Regret. Everyone has it on some level, yet not everyone will admit it. I will.
Regret is something that will wake me up in the middle of the night and fill me with a deep pang of remorse. It’s something that will flash in my head and I will shudder when I let myself think about it. And there are a few memories that will hit with like a flash of fierce, lightening-like pain and regret. I have always hated regret. I used to wish that I could never have regret. Even though I knew I would make mistakes, I didn’t want to feel regret over it. I would look at people that just shrugged off their mistakes like it was nothing and I would feel so envious over it. Because there are still times that I think about a mistake I made in 6th grade (like 20 years ago!!) and feel regret over it. The stupid thing did a month ago…shew we, I will think about constantly for months.
I listened to a podcast yesterday from Glennon Doyle that talked about regret and I was instantly sucked in. To be honest, I really listened to see if they had the same types of regret I had. I listened because I wanted validation that maybe I wasn’t so bad. I wanted them to tell me their mistakes were so much worse than mine and they got over their regret, so I could too. That’s not what I got. I got something better. Their regrets were deep and raw. But they were unique to them. They were not any better or worse than mine because they weren’t comparable. Their regret was theirs alone… And that’s what I learned.
We all have regrets and our regrets are unique to us. They suck. And no matter what we learn about regret and no matter how much we change, the memory of those regrets may sometimes still cause us to shudder in shame. But to feel regret is evidence that we are changing. In their words: “To never have regret is to either never examine your life, to never look back and see it it’s out of alignment of who I am OR to never realign your life at all and never be changing. Regret is proof that you have grown.”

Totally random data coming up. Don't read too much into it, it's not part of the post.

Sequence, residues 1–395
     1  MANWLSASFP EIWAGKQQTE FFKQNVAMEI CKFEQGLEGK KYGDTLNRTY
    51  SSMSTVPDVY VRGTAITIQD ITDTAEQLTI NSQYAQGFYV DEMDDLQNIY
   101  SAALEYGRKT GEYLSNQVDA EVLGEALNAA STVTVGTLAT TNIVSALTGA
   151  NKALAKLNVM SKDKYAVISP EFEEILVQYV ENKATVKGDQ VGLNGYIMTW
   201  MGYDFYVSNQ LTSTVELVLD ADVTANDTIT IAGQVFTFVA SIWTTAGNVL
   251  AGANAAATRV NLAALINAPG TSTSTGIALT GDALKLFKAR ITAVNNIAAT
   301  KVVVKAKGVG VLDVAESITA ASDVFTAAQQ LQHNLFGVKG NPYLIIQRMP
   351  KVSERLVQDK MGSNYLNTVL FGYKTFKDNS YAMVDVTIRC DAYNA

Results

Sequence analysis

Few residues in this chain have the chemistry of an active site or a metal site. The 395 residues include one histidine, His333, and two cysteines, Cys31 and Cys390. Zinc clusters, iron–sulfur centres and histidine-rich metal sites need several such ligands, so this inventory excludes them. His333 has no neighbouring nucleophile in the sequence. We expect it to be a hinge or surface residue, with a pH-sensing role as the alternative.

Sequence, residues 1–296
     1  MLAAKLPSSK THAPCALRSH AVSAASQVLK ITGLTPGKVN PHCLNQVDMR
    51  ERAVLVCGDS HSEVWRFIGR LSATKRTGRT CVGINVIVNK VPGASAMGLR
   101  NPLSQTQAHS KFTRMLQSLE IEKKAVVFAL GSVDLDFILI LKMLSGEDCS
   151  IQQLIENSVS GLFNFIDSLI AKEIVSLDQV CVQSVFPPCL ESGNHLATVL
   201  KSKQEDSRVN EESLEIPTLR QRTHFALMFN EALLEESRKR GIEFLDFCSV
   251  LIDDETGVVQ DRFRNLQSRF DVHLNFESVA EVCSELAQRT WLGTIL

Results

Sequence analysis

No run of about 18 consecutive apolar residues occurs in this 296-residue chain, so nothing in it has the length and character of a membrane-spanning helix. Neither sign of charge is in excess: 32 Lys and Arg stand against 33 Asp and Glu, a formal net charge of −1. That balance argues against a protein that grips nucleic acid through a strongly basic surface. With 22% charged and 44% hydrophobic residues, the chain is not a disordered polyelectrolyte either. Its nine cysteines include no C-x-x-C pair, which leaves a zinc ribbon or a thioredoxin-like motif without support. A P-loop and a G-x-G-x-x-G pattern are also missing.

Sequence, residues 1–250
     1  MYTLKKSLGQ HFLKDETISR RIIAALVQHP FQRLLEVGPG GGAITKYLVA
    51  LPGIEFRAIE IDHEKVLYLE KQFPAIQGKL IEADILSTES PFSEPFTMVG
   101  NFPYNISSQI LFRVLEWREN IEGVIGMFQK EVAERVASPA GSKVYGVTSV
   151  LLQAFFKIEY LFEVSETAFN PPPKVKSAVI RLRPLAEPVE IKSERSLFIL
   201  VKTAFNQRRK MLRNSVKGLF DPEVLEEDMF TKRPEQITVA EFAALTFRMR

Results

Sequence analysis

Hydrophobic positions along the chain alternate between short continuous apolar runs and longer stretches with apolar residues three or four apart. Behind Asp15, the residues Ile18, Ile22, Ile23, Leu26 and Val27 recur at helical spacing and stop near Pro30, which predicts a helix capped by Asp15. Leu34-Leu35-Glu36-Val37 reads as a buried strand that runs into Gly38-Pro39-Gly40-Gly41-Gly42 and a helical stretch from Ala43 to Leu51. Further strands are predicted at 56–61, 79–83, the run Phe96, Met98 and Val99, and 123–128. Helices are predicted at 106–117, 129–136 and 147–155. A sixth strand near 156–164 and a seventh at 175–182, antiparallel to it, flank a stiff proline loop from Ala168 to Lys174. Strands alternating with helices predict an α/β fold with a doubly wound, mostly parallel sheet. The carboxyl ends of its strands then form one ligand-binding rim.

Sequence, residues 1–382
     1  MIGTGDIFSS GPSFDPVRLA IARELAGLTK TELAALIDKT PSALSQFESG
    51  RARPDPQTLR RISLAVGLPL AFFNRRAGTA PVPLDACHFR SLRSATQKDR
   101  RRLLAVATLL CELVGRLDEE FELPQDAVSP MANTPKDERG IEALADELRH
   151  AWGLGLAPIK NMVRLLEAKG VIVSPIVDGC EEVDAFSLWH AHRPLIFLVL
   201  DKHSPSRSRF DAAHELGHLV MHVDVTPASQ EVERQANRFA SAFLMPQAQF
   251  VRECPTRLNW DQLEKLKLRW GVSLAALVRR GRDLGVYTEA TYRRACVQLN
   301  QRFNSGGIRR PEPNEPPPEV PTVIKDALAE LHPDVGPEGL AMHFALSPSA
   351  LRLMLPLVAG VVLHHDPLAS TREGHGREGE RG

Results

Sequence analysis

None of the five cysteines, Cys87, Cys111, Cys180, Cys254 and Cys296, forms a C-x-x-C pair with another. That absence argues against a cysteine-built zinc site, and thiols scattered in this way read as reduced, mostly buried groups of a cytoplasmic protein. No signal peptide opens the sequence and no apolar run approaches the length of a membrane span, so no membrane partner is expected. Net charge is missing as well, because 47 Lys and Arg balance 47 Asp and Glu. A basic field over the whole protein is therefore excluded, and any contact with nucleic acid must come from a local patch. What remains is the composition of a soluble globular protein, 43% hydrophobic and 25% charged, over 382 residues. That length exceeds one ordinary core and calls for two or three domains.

Regrets are part of the human experience, just like every other part. Of course, we can choose to not have regrets, but if we do that, we are losing part of the human experience that makes us evolve individually. If we deny regret, we never acknowledge the ways we can grow and become better. I have many regrets. Most are small, stupid things I shouldn’t have said or should have done.. but there are a couple of big ones that I think of often. I will never be able to go back in time and change things that I have done, or say something before it is too late. Some days the reality of that hurts. It really hurts. However, I believe that I should allow myself to feel the pain of the regret. I need to feel the “why” it hurts when I think about it. We won’t get the time back to change what we have done, but we are able to change the future and learn from our mistakes. That’s what matters.
I want to grow. I want to constantly be becoming a better version of myself. But that doesn’t mean I won’t make mistakes along the way. Sometimes those mistakes will remind me I am just a human, often resorting back to the old things that made me feel good. For me, that’s okay. I may have regret over them, but as long as it is less often than I once made them, I will know that I am growing as a person. Like what they said in their podcast, I want to be able to look back in ten years and have some regrets over my time of life right now. I think I am making great choices, but if I end up having some regret over something I did, then I know I have grown in some kind of way.
If you are dealing with regret like me, I have three things for you to do:
1. Acknowledge it. It is hard to acknowledge what you have done wrong, but that is the first step of growth. Acknowledge it and let yourself feel the pain of regret.
2. Ask yourself why you feel regret—what part of what you did makes you feel bad? If you can answer that question, then you can also narrow down how you have grown as a person because your actions then don’t align with who you are now.
3. If it’s possible, make amends with someone you have done wrong. It may not always be possible, but if it is, it is worth it to reach out. If it isn’t possible, that’s okay too.
If you have regrets like I do, I hope this helps in some way. Much love to you.